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Black books matter: free literacy workshop for young people


THE CENTRE for Post Colonial Studies is pleased to partner with the British Foundation for the University of the West Indies ( and Future Think to host ‘Black Books Matter: making mirrors for our youth’ with award-winning children’s author, Zetta Elliott.

This workshop will focus on the importance of books with diverse characters and an insight into the creative writing process. Zetta will discuss why she writes books with multicultural characters and where she gains inspiration for her books. She discusses the role that books place in our culture as mirrors, windows and doors. This workshop will be suitable for GCSE students, parents and teachers.

Dr. Zetta Elliott is a Black feminist writer of poetry, plays, essays, novels, and stories for children. She was born and raised in Canada, her father is from the island of Nevis. Zetta has lived in the US for over 20 years.

She earned her PhD in American Studies from New York University in 2003; she has taught at Ohio University, Louisiana State University, Mount Holyoke College, Hunter College, Bard High School Early College, and Borough of Manhattan Community College (The City University of New York).

Her poetry has been published in the Cave Canem anthology, The Ringing Ear: Black Poets Lean South, Check the Rhyme: an Anthology of Female Poets and Emcees, and Coloring Book, an Eclectic Anthology of Fiction and Poetry by Multicultural Writers.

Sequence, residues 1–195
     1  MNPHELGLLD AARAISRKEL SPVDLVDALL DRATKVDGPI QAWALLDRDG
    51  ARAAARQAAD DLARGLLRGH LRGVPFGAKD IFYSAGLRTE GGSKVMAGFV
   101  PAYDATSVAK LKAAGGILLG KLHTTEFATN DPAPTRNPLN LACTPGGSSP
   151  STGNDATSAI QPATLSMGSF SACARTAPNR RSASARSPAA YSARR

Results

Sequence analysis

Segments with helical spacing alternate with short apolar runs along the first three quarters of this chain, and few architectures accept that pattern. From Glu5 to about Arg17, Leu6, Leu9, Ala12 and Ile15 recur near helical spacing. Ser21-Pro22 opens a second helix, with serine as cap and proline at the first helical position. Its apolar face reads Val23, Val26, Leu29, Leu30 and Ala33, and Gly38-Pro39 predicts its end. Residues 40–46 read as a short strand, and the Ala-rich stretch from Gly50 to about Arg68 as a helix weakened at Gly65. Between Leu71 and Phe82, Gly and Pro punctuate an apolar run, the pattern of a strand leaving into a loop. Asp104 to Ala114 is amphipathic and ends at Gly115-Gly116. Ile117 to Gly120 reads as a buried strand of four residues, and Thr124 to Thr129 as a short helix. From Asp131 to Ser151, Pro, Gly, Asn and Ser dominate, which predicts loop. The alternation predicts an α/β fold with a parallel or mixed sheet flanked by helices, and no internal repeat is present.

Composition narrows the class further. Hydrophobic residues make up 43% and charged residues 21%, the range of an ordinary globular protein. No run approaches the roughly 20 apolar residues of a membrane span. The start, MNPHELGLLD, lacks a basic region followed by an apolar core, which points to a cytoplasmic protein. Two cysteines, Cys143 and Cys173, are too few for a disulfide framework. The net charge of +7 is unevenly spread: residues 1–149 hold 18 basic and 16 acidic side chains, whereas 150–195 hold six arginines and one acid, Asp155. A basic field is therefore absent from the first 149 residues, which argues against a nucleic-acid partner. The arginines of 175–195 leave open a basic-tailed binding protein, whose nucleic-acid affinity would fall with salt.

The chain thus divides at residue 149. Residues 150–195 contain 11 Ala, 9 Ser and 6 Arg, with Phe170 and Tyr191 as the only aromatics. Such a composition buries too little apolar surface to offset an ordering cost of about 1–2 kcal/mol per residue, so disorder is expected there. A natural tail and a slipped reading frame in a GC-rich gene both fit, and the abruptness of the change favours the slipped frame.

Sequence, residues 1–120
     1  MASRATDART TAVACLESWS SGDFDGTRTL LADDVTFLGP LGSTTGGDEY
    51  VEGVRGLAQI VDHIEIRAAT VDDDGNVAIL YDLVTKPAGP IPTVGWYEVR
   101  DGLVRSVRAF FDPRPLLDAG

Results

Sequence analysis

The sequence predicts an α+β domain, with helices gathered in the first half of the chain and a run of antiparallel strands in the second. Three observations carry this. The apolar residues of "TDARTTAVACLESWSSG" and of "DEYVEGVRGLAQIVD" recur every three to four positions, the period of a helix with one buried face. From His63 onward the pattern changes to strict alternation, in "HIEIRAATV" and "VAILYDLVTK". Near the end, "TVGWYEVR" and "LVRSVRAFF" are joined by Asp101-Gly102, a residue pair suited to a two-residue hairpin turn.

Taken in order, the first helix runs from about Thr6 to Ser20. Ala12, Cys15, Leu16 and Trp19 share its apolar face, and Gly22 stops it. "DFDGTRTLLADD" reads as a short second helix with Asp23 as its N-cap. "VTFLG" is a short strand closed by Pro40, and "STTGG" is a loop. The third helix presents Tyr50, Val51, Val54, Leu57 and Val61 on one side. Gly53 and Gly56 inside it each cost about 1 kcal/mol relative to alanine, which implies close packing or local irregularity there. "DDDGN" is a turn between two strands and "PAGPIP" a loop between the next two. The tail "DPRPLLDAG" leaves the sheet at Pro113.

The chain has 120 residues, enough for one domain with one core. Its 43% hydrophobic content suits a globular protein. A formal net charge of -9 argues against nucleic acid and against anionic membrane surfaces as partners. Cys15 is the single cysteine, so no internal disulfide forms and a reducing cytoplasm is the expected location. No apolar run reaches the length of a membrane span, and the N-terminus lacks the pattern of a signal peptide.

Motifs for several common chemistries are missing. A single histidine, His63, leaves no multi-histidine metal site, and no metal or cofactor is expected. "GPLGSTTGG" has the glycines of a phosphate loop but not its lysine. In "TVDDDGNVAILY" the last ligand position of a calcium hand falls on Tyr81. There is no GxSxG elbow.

Her novella, Plastique, was excerpted in T Dot Griots: an Anthology of Toronto’s Black Storytellers, and her plays have been staged in New York, Cleveland, and Chicago. Zetta;s essays have appeared in School Library Journal, The Huffington Post, and Publishers Weekly. Her picture book, Bird, won the Honour Award in Lee & Low Books’ New Voices Contest and the Paterson Prize for Books for Young Readers. The author's young adult novel, A Wish After Midnight, has been called “a revelation…vivid, violent and impressive history.” Ship of Souls was published in February 2012; it was named a Booklist Top Ten Sci-fi/Fantasy Title for Youth and was a finalist for the Phillis Wheatley Book Award.

Her latest YA novel, The Door at the Crossroads, was a finalist in the Speculative Fiction category of the Cybils Award, and she won the Children's Literature Association's Article Award for her 2014 essay, "The Trouble with Magic: Conjuring the Past in New York City Parks."

She is an advocate for greater diversity and equity in publishing, and has self-published several illustrated books for younger readers under her own imprint, Rosetta Press (3 were named Best of the Year by the Bank Street Center for Children’s Literature). She currently lives in Brooklyn.

Attend Black Books Matter: Making Mirrors For Our Youth from 4-6 pm on 26 October 2017. The Court Room, First Floor, Senate House (University of London) Malet Street WC1E 7HU Please register

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